© 2010 - 2011 WENDY J ALLEN
Monotype v. monoprint
this always confused me, too, until I attended an inspiring course given by Susan Jones at Gainsborough's House, Sudbury. She explained it perfectly! She's a brilliant printmaker and teacher, too. Follow the link to see for yourself.
A monotype is a print made from a flat substrate ('plate'), i.e. one that has not been incised or had things glued onto it. The image is created solely by applying ink to the plate and possibly using masks or plant material laid over it.
A monoprint is a print made from an incised substrate (e.g. an etching or drypoint) or a relief block (e.g. lino, wood or collograph), which has been inked freely and randomly, in a way that could not be repeated exactly.
a leporello is a concertina-folded book.
The name 'leporello' is derived from the Mozart opera, Don Giovanni.
Leporello was his manservant. He kept a record of Don Giovanni's female conquests in a book. At the end of Act II he spread the book across the stage, all the sheets joined together in one long 'page'.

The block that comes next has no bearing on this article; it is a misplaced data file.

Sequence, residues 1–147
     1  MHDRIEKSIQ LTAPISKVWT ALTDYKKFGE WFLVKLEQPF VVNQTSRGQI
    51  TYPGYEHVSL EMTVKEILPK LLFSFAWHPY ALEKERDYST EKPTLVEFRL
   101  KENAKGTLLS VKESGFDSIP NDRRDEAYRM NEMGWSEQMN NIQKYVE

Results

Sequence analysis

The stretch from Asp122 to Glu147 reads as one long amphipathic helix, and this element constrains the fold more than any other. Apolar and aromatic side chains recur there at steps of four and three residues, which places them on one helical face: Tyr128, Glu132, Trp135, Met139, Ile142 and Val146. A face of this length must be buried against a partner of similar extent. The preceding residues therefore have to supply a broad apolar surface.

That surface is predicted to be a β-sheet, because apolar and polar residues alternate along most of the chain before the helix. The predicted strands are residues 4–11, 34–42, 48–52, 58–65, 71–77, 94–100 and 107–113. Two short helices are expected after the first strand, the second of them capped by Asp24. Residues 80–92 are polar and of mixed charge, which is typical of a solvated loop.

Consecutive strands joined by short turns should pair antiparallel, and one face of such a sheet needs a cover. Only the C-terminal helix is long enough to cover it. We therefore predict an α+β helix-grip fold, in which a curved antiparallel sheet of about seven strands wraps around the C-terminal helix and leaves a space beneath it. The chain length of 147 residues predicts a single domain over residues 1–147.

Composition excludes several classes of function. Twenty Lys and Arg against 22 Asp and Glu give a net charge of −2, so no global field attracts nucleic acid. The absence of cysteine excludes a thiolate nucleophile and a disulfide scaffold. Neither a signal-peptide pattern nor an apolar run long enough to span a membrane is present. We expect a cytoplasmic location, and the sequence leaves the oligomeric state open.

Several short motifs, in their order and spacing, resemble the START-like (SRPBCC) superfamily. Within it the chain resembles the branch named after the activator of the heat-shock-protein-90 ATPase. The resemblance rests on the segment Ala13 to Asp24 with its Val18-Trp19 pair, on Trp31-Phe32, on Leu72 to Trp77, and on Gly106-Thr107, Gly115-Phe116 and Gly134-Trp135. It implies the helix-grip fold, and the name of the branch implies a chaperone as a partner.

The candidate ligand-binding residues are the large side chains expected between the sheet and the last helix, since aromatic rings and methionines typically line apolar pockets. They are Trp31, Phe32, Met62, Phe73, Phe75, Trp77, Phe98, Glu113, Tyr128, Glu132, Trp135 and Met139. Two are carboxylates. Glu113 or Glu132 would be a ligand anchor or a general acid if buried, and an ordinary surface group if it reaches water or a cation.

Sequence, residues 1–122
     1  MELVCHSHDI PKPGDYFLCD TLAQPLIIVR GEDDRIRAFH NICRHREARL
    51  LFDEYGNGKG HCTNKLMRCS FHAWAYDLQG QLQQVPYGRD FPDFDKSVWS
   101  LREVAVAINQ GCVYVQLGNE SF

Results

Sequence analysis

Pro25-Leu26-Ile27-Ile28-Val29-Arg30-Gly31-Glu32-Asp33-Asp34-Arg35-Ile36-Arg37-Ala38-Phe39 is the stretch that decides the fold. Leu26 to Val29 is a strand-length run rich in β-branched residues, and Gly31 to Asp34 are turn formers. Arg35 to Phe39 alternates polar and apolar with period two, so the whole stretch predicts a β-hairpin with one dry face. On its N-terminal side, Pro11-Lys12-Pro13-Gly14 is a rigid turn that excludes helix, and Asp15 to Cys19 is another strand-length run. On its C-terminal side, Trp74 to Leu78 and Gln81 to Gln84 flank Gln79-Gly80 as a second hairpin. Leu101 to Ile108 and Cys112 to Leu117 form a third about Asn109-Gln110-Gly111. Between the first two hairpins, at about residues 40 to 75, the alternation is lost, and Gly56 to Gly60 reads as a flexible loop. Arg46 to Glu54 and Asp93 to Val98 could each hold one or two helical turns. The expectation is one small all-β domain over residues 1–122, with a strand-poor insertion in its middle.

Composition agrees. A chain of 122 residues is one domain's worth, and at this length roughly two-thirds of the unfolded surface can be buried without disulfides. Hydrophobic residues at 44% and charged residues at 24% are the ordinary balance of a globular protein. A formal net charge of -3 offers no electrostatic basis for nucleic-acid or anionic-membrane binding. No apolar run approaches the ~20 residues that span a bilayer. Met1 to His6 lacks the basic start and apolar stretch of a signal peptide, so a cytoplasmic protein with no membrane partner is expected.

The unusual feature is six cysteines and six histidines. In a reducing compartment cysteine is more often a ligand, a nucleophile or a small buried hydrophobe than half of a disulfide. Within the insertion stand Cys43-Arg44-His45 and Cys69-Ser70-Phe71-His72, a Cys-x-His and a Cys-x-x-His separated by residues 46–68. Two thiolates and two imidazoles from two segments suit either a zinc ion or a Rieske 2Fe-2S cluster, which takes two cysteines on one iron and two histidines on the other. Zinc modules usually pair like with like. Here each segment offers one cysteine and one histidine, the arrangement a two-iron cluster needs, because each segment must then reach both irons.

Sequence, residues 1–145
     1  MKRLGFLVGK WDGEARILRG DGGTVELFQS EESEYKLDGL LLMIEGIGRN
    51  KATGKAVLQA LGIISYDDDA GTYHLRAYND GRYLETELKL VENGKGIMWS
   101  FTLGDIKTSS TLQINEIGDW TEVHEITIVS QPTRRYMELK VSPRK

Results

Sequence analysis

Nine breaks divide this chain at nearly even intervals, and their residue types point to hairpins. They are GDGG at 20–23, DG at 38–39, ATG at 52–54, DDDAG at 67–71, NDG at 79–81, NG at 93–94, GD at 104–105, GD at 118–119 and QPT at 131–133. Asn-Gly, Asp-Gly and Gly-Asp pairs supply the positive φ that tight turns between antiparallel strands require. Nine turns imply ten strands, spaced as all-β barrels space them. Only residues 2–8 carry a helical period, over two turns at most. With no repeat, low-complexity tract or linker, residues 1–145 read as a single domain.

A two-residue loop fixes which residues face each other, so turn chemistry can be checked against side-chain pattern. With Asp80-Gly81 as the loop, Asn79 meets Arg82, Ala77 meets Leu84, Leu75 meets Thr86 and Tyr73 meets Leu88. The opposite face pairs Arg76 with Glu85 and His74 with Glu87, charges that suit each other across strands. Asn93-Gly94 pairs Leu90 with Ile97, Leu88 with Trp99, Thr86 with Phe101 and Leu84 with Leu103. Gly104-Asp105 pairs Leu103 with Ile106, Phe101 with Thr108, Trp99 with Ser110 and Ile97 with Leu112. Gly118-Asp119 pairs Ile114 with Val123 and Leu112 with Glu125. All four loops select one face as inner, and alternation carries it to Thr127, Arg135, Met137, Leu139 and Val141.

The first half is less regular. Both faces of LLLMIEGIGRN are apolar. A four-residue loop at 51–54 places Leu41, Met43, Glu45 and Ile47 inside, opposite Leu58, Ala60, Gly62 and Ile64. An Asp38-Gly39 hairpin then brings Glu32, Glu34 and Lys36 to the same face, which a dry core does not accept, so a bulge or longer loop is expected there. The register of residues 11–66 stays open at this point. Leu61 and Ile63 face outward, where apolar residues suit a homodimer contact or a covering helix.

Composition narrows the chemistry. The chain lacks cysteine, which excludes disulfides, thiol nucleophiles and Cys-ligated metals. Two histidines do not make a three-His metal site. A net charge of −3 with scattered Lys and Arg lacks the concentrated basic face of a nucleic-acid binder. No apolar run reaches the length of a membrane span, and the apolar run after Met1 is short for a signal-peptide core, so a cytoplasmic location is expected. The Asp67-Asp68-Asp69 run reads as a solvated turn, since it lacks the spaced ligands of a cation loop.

ARCHIVAL - what does it mean? Basically, if you want an object to last more than your life-time it must not contain anything that would damage it. Everyday paper is made from wood-pulp containing an acid called lignin. Acid eats away the paper grain by grain, turns it brown and brittle.
Archival paper is made from lignin-free, and every other acid-free, material such as cotton rag. Archival inks, paints, etc are also acid-free so they should last at least as long as your 3rd generation!
Of course, many artists in the early 20th century either did not know this or didn't care if things lasted, so they painted on things like cardboard. Their work, which should have wasted away, is still hanging on gallery walls!
I guess, science is what you make of it...